Emerson romeros film name was tommy albert born in

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Emerson Romero’s film name was Tommy Albert. Born in Cuba, he received his education at the Wright Oral School in New York City. His brother Dorian produced Spanish- captioned silent movies in Cuba for the Pan American Picture Corporation, and Romero starred in several comedies for the company. While there, he came to the attention of American director
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Richard Harlan, who convinced Romero to move to California. In Hollywood for approximately one year, Romero starred in the shore films “Beachnuts,” “The Cat’s Meow,” “Sappy Days,” “Great Guns,” and “Hen-Pecked in Morocco.” Unemployed because of the talkies, Romero returned to New York, where he continued his training and experience. He became very active in efforts to establish a professional deaf repertory company and to produce captions for the now inaccessible talking movies. Another relative, cousin Cesar Romero, became a popular male star. It is ironic that many persons in the deaf community know that Cesar Romero had a deaf relative but did not realize that this deaf relative had also performed in movies. Louis Weinberg also came from New York, where he had attended the Lexington School for the Deaf. Weinberg worked in show business before he acted in the movies. Known as the Russian toe dancer, Weinberg performed on the vaudeville circuit under his stage name, David Marvel. Hollywood tried to build upon the fame of operatic star Geraldine Farrar and produced several movies for her. Weinberg played the role of the Indian prince in one of these films, The Woman God Forgot (1917). Thereafter, Weinberg returned to his dance career in vaudeville. Two other deaf persons performed in silent films. One was a Cuban woman, Carmen de Arcos, who Emerson Romero described as a mute and who worked with him for the Pan American Picture Corporation. Most of the references to her work such as La Chica y El Gato , are through Romero. Little else is known of her career. The other deaf actor was Albert Ballin. Ballin’s acting career primarily consisted of jobs as a movie extra. Attracted to Hollywood in 1924, Ballin sold a movie script, “Sardanapolus,” to the Palmer Photoplay Corporation. Although no one produced his script, Ballin stayed in California and supported himself as an extra and a portrait painter. Continuing his writing, Ballin penned several articles about the movies for deaf community publications and eventually produced a book, The Deaf Mute Howls (1930), which included a section on how the movie industry could benefit from the use of sign language. It is ironic that his most prominent film never was distributed. His Busy Hour , which starred Ballin as a hermit, was the product of the popular notion that deaf people were natural actors because of their skills of expression and mimicry. In 1918 a movie editor for the New York Times , James O. Spearing, brought together a group of deaf actors to make His Busy Hour , which Spearing had written. Although he later worked as a scriptwriter for Paramount Studios on Long Island, New York, Spearing turned to the deaf community for the financial capital to distribute the film. Exhibiting the film to a deaf audience at the Lexington School for the Deaf in 1926, he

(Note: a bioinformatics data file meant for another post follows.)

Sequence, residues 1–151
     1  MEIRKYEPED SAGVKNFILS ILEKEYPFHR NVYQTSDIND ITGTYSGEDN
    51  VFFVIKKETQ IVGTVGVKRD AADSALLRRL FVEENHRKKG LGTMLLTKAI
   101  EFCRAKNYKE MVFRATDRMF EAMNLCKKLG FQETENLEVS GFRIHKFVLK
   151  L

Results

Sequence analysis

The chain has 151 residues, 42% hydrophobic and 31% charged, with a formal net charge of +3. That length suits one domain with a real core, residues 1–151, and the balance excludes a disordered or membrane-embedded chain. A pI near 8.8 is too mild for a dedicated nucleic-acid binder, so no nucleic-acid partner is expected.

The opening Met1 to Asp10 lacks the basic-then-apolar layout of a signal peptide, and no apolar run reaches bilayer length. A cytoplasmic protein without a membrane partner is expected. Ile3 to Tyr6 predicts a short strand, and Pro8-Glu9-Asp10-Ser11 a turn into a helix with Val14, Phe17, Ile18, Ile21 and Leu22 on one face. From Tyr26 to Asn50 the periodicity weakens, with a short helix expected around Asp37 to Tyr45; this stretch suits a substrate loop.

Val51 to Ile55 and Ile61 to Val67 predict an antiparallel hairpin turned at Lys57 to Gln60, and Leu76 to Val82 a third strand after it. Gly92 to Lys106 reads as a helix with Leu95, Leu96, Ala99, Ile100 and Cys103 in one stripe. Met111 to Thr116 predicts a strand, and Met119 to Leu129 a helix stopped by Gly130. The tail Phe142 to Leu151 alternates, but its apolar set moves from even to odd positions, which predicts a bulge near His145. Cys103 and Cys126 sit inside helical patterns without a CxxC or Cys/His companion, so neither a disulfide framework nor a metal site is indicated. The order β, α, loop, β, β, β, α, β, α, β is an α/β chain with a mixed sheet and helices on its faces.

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  • Spring '12
  • JanKelley-King
  • The American, Hearing impairment, Silent film, deaf people

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